With the uncertainty of US elections behind us, one would like to believe the allocation to emerging markets, like India, should resume, particularly as the opportunities have emerged even bigger in the post-COVID environment for countries like India, Sachin Shah, Fund Manager, Emkay Investment Managers said in an interview with Moneycontrol’s Kshitij Anand.
Q) In the run-up to Diwali 2020, Govt released two stimulus packages to boost growth and revive investment cycle-do you think it is enough? What are your views?
A) In the post-COVID environment, the world is looking up to India to provide a scalable, and credible alternative to China.
From that perspective, it is a step in the right direction. Most of the measures are well-thought-out and should have a lasting impact on accelerating economic growth.
Q) Which sectors are likely to benefit the most from the stimulus packages unveiled by the Government in the run-up to Diwali 2020?
A) The government has in total approved PLI scheme for 13 sectors, each of these sectors has a huge potential to either scale-up exports or replace imports with domestic manufacturing for internal consumption (Atmanirbhar).
The sectors that are eligible for the PLI scheme are Automobiles & Auto Components, Telecom & Networking Products, Advance Cell Chemistry Battery, Pharmaceutical Drugs, Food Products, Textile Products, Specialty Steel, White Goods, High-Efficiency Solar PV Modules and Electronic/Technology Products.
Clearly, all these sectors are now primed for explosive growth in the years aheadQ) What is your message to investors for SAMVAT 2077?
A) Equity returns are lumpy, and they are not delivered in a linear fashion and therefore most of the times returns delivered are bunched in a short period of time, which evens out over a longer period of time.
So, in that sense probably markets are ripe to deliver supernormal returns over the next two-three years to catch-up with its long-term average returns.
Therefore, it is important for investors to remain patient and not lose faith in equities as an asset class and continue to have appropriate allocations as that is going to be critical to capture the probable extra-ordinary returns over next two-three years.
Q) Which sectors are likely to hog the limelight in SAMVAT 2077?
A) CY2020 has been a year of change of trends in many ways. As compared to a narrow market movement of CY2018 & CY2019, the market rally is much more broad-based in CY2020.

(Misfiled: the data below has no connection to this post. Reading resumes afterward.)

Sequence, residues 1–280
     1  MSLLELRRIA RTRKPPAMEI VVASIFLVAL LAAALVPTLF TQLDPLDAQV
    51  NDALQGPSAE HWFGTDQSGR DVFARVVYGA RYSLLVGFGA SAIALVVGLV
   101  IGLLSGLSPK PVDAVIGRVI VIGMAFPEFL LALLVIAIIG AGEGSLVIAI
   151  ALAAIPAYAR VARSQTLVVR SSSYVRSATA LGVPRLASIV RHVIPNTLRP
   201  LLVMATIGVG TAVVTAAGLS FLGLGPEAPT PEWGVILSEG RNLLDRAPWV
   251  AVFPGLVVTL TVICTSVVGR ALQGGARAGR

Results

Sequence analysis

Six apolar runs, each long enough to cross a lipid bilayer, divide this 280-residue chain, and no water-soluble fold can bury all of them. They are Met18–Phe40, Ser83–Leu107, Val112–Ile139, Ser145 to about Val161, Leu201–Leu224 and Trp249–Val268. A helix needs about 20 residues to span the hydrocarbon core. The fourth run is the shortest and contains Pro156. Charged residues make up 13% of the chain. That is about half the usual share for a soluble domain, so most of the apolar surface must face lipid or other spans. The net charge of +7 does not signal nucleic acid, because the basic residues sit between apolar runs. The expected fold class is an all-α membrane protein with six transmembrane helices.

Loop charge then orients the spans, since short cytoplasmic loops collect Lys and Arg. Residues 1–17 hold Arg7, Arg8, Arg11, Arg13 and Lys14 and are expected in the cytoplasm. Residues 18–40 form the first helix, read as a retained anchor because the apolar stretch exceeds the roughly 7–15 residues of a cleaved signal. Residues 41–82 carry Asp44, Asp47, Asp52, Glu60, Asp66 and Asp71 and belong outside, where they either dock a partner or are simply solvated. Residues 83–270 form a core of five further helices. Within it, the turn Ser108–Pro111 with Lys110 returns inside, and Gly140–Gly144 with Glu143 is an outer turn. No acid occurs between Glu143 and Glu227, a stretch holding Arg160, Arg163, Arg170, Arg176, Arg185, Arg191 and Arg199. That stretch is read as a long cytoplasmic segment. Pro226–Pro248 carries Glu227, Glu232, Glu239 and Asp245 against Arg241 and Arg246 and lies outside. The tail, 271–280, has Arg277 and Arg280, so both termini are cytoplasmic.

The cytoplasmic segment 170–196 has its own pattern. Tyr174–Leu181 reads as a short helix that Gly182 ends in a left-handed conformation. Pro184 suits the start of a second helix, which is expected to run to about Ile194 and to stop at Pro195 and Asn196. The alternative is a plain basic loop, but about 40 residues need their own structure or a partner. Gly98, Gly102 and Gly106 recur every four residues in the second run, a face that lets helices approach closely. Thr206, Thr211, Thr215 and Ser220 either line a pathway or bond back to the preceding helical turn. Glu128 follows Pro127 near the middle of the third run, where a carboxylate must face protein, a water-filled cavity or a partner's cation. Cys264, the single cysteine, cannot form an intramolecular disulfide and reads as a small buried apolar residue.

The BSE Small-Cap index has gained more than 12% v/s the large-cap indices (Sensex & Nifty) flat for the last eleven months.
Even amongst the sectors, the Healthcare Sector & IT Sector have gained 40%+ v/s banking, real estate, capital goods, and power sector stocks losing more than 10%-15%.
Since Jan 2015 and up to Dec 2019, BSE Healthcare Index remained nearly flat for five years. In the process, the valuations of the pharma companies became more reasonable, with stock prices consolidating at similar levels for five years, whereas company earnings growing with better cost efficiency and some revenue growth.
In the last few quarters, pharma companies have started delivering much better profit growth and therefore valuations became even more attractive.
The current quarter commentary from most of the pharma companies suggests that the outlook for revenue growth and profit margins is decent, driven by the domestic formulations market, global API demand shift from China to India, and US generics markets witnessing stable pricing environment.
Q) FIIs have turned aggressively bullish on Indian markets especially in November which powered Sensex, and Nifty to record highs. Do you think the trend will continue?
A) With the uncertainty of US elections behind us, one would like to believe the allocations to emerging markets like India should resume, particularly as the opportunities have emerged even bigger in the post-covid environment for countries like India as the world is looking for credible & scalable sourcing alternative to China.
The best is yet to come
Q) Markets hit fresh record highs, but MF data suggest that SIP are still falling off. Do you think some of the retail investors have missed the bus who have stopped their SIPs? How are you analysing the data?
A) Retail Investors have been disappointed with equity & SIP MF returns being significantly below Bank FD rates over the last five years. They seem to have therefore now taken the direct equity investing route.
Clearly, in the last 6-8 months, Retail investors have preferred the direct investing route. It is quite evident from the new account openings at tech-savvy brokerage houses, retail volume share rising over the institutional volume on bourses and other data points.
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Q) Economic recovery is visible at least on paper and Moody's recent commentary on India's GDP confirms the sentiment. Do you think economy-linked sectors will be the winners in the near future?
A) The pandemic has played the role of a catalyst by bringing cost efficiencies and balance sheet discipline across sectors/companies.
A slight tailwind in the economic growth (for which green shoots are already visible) and an uptick in aggregate demand will set India Inc. for a multi-year very strong earnings growth trajectory. This will start showing up in economy linked sectors as this momentum unfolds itselfDisclaimer
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